So – what is Death Sentence Liberty about anyway?
Well, it all started at a comic convention nestled in the Scottish highlands on the banks of the river Ness. It was a wonderful event: relaxed but exciting; informal and unpretentious. Lovely people, warmed by the spring sun; creators and fans mingling as one; families and children soaking it all in without cynicism. It’s still my favourite ever comic event.
One reason for my contentment was the wonderful news that my wife and I were having a baby! It was the kind of news that left you in a grinning stupor - that made you want to buy a hat just so you could throw it in the air and punch your hand through the top, or dance like Fred Astaire. We were very happy.
At the comic con I talked to lots of people about how the comics we were reading didn't seem to reflect the issues we faced in the real world: the language; the tone - the emotional complexities. And on the drive home I realised that I had to put my money where my mouth was.
All the parents we knew were issuing dark warnings that life as we knew it would end in an explosion of nappies, sleepless nights and baby milk. Personally it felt like I only had six months left to realise any artistic dreams before settling down to a life of sober responsibility and fiscal prudence. Which wasn't true – as it transpired - because I’m now more creative than ever and still put my family first in everything. It turns out that a new life is hugely inspiring and a flexible job like writing sits very well with the practicalities of fatherhood. But that powerful feeling of time running out felt very real back then, and it lies at the heart of Death Sentence Liberty: ‘6 months to live – what’re you gonna do with your life?’ In my case I wanted to make a great graphic novel, and I was lucky to find brilliant artists like Mike Dowling, Martin Simmonds, Ben Oliver, and Luke Ross to help realise a collective dream.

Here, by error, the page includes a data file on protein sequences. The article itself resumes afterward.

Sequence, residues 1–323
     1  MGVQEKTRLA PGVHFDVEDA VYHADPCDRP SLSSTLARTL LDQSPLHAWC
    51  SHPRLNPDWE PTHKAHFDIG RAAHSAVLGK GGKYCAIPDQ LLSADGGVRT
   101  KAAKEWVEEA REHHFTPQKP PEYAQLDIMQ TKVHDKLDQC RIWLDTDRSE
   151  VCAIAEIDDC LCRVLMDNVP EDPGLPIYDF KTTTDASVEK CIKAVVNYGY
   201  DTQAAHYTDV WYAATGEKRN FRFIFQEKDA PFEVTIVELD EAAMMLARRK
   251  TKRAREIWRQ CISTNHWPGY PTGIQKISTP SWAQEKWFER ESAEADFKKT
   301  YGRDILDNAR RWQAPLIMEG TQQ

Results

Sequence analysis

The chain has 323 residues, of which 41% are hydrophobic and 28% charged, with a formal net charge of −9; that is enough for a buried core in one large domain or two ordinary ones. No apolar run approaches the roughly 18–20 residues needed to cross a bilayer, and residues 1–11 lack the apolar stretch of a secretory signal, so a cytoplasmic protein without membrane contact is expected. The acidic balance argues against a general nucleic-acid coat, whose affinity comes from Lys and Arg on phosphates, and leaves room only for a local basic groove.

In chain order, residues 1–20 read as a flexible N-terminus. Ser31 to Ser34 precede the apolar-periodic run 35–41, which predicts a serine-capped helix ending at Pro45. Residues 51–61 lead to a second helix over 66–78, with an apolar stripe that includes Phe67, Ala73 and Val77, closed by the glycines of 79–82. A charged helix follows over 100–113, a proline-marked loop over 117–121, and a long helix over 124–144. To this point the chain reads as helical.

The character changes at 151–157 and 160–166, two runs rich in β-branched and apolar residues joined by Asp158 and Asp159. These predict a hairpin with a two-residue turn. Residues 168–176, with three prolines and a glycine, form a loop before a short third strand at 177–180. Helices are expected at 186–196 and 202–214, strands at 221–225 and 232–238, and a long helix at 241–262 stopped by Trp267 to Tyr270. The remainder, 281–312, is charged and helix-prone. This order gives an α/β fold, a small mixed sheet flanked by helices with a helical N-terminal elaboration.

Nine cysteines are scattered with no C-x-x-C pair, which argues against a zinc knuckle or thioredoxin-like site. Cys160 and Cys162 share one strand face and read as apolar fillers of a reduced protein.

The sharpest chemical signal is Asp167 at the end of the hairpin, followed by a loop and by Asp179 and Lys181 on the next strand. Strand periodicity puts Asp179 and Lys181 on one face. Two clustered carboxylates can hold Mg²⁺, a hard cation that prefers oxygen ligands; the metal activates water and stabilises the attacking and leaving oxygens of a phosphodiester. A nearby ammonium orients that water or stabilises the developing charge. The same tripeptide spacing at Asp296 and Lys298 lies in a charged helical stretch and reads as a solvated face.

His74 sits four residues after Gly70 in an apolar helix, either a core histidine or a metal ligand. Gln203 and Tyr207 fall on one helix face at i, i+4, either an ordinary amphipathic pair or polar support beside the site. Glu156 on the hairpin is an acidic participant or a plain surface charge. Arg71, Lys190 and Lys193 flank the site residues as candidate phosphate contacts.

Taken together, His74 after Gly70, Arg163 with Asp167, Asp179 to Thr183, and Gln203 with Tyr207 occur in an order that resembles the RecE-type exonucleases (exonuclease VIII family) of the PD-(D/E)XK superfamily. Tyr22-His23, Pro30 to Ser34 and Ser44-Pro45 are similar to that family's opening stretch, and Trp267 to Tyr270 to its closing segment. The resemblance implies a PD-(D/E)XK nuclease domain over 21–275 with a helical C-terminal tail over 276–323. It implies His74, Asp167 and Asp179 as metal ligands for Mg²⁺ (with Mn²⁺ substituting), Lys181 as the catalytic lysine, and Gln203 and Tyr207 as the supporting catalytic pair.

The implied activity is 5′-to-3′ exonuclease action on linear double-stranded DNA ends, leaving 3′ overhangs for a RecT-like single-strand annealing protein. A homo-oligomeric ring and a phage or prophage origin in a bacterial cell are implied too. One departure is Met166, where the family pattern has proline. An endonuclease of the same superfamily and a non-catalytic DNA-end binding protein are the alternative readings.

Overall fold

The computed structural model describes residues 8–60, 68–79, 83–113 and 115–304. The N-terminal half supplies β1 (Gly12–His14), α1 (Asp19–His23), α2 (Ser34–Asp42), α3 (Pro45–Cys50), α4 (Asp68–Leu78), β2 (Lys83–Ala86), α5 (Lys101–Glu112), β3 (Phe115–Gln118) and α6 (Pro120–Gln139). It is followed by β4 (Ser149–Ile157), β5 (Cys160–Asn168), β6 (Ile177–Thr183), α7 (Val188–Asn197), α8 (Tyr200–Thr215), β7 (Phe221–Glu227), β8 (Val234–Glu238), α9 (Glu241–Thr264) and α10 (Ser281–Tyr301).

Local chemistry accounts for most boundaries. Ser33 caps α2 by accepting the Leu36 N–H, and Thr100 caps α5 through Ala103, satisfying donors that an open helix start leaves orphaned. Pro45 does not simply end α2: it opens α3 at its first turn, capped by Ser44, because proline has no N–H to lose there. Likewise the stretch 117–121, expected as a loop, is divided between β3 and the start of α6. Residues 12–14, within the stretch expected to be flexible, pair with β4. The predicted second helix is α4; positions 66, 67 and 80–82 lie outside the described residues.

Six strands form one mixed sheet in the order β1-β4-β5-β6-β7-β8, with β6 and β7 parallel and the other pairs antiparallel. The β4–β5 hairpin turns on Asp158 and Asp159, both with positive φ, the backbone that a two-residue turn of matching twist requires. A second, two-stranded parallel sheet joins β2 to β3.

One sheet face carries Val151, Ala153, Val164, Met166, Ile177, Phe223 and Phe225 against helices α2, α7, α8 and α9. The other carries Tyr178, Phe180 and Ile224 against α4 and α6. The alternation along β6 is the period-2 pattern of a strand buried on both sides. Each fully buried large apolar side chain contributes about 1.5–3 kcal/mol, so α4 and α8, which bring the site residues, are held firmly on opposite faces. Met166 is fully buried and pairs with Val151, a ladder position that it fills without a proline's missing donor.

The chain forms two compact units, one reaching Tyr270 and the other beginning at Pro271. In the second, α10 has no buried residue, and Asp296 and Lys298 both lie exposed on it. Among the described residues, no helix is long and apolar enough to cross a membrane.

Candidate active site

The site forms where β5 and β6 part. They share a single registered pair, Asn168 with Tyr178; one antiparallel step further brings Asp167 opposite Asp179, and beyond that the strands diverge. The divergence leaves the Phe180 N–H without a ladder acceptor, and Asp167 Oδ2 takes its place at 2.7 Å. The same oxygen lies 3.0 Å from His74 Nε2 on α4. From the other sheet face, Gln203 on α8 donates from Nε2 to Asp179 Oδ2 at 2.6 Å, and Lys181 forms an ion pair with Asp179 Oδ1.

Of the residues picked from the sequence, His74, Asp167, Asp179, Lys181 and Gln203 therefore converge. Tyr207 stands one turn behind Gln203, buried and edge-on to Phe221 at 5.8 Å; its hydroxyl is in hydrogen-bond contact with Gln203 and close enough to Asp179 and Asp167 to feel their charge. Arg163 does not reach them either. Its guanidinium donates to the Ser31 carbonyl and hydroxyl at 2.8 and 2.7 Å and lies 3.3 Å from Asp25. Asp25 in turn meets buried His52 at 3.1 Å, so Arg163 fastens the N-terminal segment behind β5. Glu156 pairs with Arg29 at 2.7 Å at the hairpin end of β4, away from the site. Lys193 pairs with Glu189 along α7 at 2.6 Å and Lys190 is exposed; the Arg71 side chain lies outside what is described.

The intriguing question is ‘Why, with what felt like six months to go, was it so important for me to be creative?’ What was it about creativity that was so compelling, so urgent, so life affirming? Why did I feel so validated when I’d finished writing the book? And the answer is, I think, this - creativity is more than ‘art’; it’s an essential component of the human condition.
To me, creativity’s the key reason we’re the dominant species: we can imagine very complex ideas and then make them. It might be a complex engineering project, a sculpture, or a novel. Everyone has innate untapped talents, and if their creativity is stifled it seems like their desire for fulfilment and validation manifests in other ways. Most salaried jobs are restrictive, both in the hours required and the methodologies employed, and the resultant frustration often contributes to a lot of hedonistic or aggressively selfish behaviour, which we portray in the comic. People are looking for validation, and self-expression, in all the wrong places.
There’s also a lot of sex and swearing in Death Sentence Liberty, sometimes at the same time. It’s not a book for everyone, and I advise anyone under eighteen to look elsewhere.
But if these themes resonate with you, do check out our work.
Or create your own work of art.
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